After meeting today, City-County Council leaders from both parties ironed out committee assignments, three days later than planned. In the end, Republican Minority Leader Michael McQuillen didn’t get what he wanted — a return to one-vote margins between the parties on most committees — but he was able to keep each committee stocked with no fewer than three minority party members. (Except on Rules and Public Policy, which Majority Leader Vernon Brown and President Maggie Lewis had already voted to give just two Republicans Monday night.)
The upshot: Most committees will now have a margin of five Democrats to three Republicans, a supermajority for the majority party. That was accomplished by adding one Democratic member to what previously were seven-member committees. The deviations are on Public Safety, with six Democrats and three Republicans; the Rules committee, with six Democrats and two Republicans; and Ethics, which by law has three members from each party. The overall party split on the council is 16 Democrats and 13 Republicans.To clarify, what Brown was trying to do was to change the normal majority-minority ratio so that the Republican had less of a minority presence on the committees. McQuillen is of course right to have complained. Brown was trying to change a practice that has existed for several council reorganizations.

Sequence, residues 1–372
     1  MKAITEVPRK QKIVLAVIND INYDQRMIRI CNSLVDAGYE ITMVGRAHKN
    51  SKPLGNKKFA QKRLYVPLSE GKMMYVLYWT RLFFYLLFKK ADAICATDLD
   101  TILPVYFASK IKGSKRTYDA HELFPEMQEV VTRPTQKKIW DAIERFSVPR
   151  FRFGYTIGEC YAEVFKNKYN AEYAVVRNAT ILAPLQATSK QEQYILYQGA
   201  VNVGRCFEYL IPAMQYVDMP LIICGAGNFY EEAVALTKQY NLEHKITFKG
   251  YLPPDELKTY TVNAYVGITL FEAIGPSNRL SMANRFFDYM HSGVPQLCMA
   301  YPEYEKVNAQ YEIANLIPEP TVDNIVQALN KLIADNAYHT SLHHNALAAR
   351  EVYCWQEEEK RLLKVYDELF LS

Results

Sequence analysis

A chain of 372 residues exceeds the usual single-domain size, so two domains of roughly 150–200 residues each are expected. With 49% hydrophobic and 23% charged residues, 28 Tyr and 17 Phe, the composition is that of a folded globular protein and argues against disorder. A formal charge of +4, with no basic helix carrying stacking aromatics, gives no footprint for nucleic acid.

McQuillen's problem is that he does not have "clean hands" to go very far challenging the Democrats' integrity when it comes to such issues. He supported the ourtageous $225,000 contract given by former Council President Ryan Vaughn gave to Hamilton County resident and Marion County GOP hatchetman David Brooks. (Brooks was one of Vaughn's key supporters during his bid for the Senate.) Then McQuillen voted for the 2011 lame duck redistricting map even though the law requires the council to redistrict in 2012.
You can be a partisan yet still treat the other side with fairness. Let's hope McQuillen takes that approach during the next four years.